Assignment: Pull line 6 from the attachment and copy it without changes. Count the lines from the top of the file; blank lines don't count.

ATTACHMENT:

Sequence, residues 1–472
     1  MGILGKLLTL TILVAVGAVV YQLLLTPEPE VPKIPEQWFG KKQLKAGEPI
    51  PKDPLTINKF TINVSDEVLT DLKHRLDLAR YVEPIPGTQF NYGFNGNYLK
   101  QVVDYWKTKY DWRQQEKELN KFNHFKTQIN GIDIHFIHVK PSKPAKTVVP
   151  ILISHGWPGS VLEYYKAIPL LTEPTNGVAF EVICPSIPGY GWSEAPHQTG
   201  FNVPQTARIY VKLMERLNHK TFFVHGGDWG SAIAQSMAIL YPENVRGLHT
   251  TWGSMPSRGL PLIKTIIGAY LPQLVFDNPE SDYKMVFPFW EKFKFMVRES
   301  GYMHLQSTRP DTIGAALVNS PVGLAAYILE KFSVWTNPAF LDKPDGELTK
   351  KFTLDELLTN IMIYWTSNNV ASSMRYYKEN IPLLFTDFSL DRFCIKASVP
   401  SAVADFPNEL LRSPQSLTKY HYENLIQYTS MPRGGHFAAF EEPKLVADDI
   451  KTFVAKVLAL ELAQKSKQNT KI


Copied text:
   201  FNVPQTARIY VKLMERLNHK TFFVHGGDWG SAIAQSMAIL YPENVRGLHT